Information about our company and guidelines for submissions are on the 4RV website.
 
     Please visit, examine our books, touch them, admire them, and purchase the ones you most like. 


Sunday, June 4, 2017

The Major Elements in Fiction Writing


By Karen Cioffi

There are five major elements to a fiction story and it’s the combination of these elements that make the story complete, interesting, and considered good writing. Too much of one or not enough of another can affect the readers ability to connect with the story. So, what are the major elements of a story?

The Major Elements of a Story

1. Protagonist
2. Setting
3. Plot
4. Point of view
5. Theme

Let’s break them down:

The Protagonist: Introduce the main character. Using your imagination you can make him unique. He can have particular mannerisms or quirks, or even distinct physical attributes. You can also make him likeable or unsavory, but remember you will need the reader to be able to create a connection to him. It’s this connection that will prompt the reader to continue reading on. Your protagonist needs to be real…believable.

The Setting: This will establish the time and place the story takes place. The setting can create a feeling and mood – if you’re writing about swashbuckling pirates, your reader will be in a certain mind set. The same holds true for any other setting you choose. It will be intrinsic to the plot/conflict and will help establish vivid imagery for the reader.

The Plot: This is the meat of the story – the forward movement, the conflict or struggle that drives the protagonist toward his goal. This involves any danger, suspense, romance, or other reader grabbing occurrence. The conflict can be emotional (an internal struggle – a tormented soul) or physical (from an external/outside force – good against evil).

Point of View: This establishes whose point of view the story is being told. It’s important to make this clear. Even if you have two main characters, there needs to be one who is primary in order to keep clarity within the story.

The Theme: This establishes what is important to the story. It usually evolves along with the story and the protagonist’s progression. If Jesus is your protagonist, establishing and promoting Christianity might be the theme. It might be the story’s view on life and the people/characters the protagonist encounters. It is the idea the author wants the reader to take away with him/her.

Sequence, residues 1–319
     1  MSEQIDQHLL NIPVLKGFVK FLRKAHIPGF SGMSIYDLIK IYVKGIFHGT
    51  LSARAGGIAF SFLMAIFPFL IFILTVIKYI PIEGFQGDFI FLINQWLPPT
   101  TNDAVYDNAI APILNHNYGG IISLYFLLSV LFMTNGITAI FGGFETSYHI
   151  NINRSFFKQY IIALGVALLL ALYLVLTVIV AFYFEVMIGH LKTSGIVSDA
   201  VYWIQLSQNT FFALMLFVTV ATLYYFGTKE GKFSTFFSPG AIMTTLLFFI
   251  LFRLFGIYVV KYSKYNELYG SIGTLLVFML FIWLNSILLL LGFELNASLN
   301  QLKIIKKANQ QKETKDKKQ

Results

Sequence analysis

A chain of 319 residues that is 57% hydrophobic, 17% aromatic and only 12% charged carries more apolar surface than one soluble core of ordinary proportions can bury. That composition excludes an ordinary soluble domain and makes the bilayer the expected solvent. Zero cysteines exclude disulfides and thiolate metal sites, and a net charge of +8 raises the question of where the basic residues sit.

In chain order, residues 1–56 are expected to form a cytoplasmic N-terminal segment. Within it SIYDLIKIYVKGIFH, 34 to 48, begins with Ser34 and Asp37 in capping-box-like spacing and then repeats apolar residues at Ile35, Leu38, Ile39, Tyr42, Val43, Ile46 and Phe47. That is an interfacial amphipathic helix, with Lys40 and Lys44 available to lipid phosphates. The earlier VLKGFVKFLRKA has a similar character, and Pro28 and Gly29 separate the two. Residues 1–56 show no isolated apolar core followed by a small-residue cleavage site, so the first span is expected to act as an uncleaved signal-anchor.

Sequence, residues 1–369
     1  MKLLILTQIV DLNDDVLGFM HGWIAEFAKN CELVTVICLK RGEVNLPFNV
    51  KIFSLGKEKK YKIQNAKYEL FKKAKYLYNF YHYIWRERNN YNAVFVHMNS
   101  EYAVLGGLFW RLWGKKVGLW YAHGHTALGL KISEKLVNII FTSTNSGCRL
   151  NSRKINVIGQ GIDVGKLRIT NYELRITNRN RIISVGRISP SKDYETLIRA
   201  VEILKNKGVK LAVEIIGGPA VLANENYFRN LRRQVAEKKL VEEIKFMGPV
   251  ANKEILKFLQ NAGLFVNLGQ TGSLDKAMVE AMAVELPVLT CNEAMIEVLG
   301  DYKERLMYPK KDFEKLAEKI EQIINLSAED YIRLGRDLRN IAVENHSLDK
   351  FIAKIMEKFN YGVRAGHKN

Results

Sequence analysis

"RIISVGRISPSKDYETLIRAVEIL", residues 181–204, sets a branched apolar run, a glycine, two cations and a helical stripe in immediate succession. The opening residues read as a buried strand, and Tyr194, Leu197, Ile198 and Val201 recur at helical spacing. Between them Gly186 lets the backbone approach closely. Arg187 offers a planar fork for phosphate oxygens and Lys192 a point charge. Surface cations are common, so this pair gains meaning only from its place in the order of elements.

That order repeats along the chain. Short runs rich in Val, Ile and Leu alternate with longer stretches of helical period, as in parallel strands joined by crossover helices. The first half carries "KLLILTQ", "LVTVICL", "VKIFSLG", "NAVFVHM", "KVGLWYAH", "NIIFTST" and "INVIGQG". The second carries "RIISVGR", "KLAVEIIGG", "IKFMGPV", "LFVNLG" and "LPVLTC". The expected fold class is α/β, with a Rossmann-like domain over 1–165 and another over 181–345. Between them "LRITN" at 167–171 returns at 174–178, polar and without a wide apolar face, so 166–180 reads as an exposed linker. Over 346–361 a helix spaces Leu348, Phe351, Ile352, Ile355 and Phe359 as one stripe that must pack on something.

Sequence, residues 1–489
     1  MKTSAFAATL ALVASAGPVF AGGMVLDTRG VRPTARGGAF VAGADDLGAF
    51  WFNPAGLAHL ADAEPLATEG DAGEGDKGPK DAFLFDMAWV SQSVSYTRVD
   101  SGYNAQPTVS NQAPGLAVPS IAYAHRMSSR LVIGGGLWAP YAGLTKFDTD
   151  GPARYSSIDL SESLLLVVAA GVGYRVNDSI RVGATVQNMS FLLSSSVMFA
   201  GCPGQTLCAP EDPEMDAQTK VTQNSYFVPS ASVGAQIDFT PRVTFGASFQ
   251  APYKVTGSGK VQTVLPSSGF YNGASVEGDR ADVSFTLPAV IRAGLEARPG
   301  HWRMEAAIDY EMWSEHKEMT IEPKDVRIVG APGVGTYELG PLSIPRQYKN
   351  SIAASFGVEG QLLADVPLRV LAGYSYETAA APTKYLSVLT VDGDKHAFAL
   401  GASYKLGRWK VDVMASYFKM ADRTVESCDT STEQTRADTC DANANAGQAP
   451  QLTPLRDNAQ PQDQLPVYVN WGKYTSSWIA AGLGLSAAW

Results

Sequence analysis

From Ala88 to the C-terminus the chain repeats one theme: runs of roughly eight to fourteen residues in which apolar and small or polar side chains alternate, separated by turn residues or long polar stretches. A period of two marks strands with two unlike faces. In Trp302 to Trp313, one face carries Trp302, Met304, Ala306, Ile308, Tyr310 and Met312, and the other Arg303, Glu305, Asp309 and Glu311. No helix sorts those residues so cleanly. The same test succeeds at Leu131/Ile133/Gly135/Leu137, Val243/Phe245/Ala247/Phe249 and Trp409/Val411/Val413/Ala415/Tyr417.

Utilizing each of these elements can create a unique, fascinating, and memorable story.

Just like the ingredients in a cooking recipe, writing has its own set of ingredients that produce a wonderful end product. A pinch here, a dab there – you hold the unique recipe to your story.

Karen Cioffi is an award-winning author, ghostwriter, and online platform instructor with WOW! Women on Writing. For must-know writing and marketing tips, get free access to The Writing World.

You can connect with Karen at:
http://facebook.com/writingforchildrenwithkarecioffi

Monday, May 15, 2017

4RV Publishing has a "shop-lett"



The 4RV Shop-lett with all books so far, including Walking Through Walls

          Thanks to the efforts of 4RV's Marketing Director Jodi Brungardt, we have an area as part of The Market at Quail Springs in Oklahoma City. It's not large, but it definitely showcases some of the books from 4RV.

The 4RV Shop-lett


         The Market at Quail Springs is located at  2501 W Memorial Rd, Oklahoma City, OK 73134, which is just north of Memorial and on the east side of May. The Facebook link is https://www.facebook.com/TheMarketatQuailSprings.

         The rent for the area is shared by the authors who have books available and on display at the 4RV shop-lett. If more authors, enough that they could and would cover the rent, maybe we could add another aisle-cap and double the number of books.

Another view of the 4RV Shop-lett
The aisle past the shop-lett


















Saturday, May 13, 2017

Rave review for Joan's Elder Care Guide






     Midwest Book  Review for May 2017,  carried the following review by Shawn Simon for Joan's Elder Care Guide:


Five Stars on a scale of 1-5

Joan's Elder Care Guide: Empowering You and Your Elder to Survive, by Joan Y Edwards, is a comprehensive handbook for those who are taking care of or may need to take care of an elderly person. So often when one becomes a caregiver to a parent or other relative, they are not at all prepared for the job at hand. Being unprepared can cause stress to the caregiver and to the person being cared for.

With Joan's handbook, this stress, frustration, and exhaustion can be relieved. There is advice about how to handle emotions that are sure to arise and for making sure to provide social outlets for your elder, and so much more. From first deciding the best location for your loved one to the end of life discussions, this book has it all. The book even provides checklists to use and a whole host of resources!

Of essential importance, is making sure your own needs are met. We often forget to care for ourselves when we are caring for a loved one. However, we are no good to them, if we are not good to ourselves. What is sometimes difficult to think about are the financial issues to consider after your loved one has passed. Joan's book discusses how to best handle wills, trusts, estates, and more. There is even a section on grieving our loved one.